If you do development on a Mac and you have a Unix background, you immediately start noticing missing tools and utilities. OS/X doesn’t have an apt-get for package management (or even one of the lousy RPM variants). There are options though. Two of them have been around for quite a while, MacPorts and Fink.
MacPorts is strongly influenced by the BSD ‘ports’ system. Ports are essentially recipes for taking source code and build scripts and making them compile and install on the target operating system. BSD ports organize the recipes and source code into a tree that make adding software easy.
Fink takes a different approach. It’s based around Debian’s packaging tools and apt-get. Fink mainly manages pre-compiled/pre-built applications. So the applications you install using Fink don’t need to be compiled and built on your system.
Between the two of them, MacPorts tends to be the easier solution. Software is more up to date, there are more options, it’s somewhat less intrusive into your system and you get new versions faster when Apple updates OS/X. Ironic when you consider that MacPorts code is compiled on your system while Fink is just downloading binaries.
But MacPorts is still no walk in the park. Even though it’s less intrusive then Fink, it still isn’t a great citizen on OS/X. MacPorts eschews many of the system libraries and software already available in OS/X for other variants. Installing a seemingly simple utility might somehow require a new version of Perl, Python or other set of large software.
Homebrew is a reaction to the complexity of MacPorts. It’s extremely simple. Homebrew appears to be targeted more at individual packages. If you want to pull in the entire world of open source software and want every package, then you’re better off with MacPorts or Fink. But if you’re looking for the occasional tool or utility, Homebrew is for you.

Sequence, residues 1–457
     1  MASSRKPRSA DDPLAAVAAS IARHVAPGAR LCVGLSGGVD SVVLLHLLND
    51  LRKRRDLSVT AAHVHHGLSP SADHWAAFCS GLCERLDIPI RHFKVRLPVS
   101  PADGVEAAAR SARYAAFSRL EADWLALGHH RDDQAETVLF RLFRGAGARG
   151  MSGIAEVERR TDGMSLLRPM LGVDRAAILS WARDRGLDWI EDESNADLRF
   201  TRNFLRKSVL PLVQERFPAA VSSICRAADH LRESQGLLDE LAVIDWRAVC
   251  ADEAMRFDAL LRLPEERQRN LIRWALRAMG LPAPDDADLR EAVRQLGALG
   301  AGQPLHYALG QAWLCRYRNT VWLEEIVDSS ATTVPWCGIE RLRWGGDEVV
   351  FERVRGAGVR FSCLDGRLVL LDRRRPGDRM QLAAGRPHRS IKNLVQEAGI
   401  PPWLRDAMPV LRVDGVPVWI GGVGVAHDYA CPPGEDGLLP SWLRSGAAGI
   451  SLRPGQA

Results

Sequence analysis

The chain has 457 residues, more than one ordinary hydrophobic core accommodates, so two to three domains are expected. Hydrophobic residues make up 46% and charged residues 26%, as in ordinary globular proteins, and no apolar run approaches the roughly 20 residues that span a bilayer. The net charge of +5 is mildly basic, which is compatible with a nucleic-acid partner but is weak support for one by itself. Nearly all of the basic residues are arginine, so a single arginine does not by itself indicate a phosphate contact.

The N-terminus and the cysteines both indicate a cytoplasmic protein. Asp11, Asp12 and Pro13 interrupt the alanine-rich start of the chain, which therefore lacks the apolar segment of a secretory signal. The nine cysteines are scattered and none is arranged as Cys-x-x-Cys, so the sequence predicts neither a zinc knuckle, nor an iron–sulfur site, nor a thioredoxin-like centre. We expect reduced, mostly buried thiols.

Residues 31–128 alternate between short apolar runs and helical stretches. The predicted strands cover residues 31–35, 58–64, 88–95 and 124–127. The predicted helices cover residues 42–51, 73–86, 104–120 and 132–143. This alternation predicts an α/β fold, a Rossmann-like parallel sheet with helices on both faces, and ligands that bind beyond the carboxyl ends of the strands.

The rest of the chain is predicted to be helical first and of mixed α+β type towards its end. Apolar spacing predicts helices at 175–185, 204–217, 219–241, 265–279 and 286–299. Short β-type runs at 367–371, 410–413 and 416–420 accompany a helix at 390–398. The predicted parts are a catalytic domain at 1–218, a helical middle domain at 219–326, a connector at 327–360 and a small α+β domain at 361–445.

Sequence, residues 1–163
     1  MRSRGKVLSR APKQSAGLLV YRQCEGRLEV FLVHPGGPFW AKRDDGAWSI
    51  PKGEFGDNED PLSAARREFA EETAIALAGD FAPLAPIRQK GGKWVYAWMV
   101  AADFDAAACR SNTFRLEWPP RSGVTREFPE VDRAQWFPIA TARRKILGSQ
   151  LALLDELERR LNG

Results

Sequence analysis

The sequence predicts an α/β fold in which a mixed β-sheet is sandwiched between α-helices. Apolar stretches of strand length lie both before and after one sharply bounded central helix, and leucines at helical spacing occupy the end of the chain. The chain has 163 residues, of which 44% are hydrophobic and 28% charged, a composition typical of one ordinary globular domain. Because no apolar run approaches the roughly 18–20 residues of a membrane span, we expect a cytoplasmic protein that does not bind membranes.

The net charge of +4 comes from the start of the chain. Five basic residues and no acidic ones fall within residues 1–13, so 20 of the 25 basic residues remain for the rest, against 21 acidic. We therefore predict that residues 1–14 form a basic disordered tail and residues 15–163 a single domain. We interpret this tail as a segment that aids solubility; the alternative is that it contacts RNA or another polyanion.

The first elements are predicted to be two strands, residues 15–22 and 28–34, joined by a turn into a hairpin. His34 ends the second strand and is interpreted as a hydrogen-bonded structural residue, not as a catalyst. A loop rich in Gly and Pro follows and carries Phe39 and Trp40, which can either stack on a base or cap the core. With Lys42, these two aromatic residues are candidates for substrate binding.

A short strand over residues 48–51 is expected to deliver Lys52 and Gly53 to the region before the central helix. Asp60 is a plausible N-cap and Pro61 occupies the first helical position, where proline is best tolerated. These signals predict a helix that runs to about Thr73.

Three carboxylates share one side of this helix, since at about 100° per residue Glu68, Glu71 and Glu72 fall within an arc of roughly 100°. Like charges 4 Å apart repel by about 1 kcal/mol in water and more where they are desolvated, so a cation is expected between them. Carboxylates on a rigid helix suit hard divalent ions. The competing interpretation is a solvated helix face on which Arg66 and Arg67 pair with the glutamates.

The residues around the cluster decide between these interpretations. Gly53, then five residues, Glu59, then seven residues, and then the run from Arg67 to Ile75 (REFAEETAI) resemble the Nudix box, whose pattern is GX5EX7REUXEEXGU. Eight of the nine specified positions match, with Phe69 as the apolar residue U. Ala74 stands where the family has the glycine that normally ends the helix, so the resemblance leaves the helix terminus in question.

Installation is dead simple:
That downloads the installer and executes it. Homebrew is based on Ruby and the install script is no exception.
By default Homebrew will try to take over your /usr/local directory. If you’ve already installed anything there (MySQL, etc.) then Homebrew will complain. You can install Homebrew anywhere, but then you’ll have to add that directory to your PATH.
Homebrew also assumes that you’re on a single user system. If that’s not you, then you definitely want to install it to a user-specific location and alter your PATH. But, for most people, the default works just fine.
Once installed, you control Homebrew using the
brew command. You can find packages using
brew search, install them using
brew install and remove them using
Just like any other package manager, Homebrew tracks package dependencies so it will pull
in dependent packages as needed and warn you if you try to uninstall a required package.
The major benefits of Homebrew over MacPorts are simplicity, lack of intrusiveness, and
speed. Homebrew’s recipes try very hard to use the existing tools and libraries in OS/X, so
they tend to build much faster and require fewer dependent libraries. The recipes themselves
are Ruby scripts and are small, simple to understand and easy to create and modify. But,
honestly, if all you want is to install
wget and newer versions of
git and other
open source tools, you’ll never need to look at or understand Homebrew’s recipes. Just
brew install wget,
brew install git and be happy.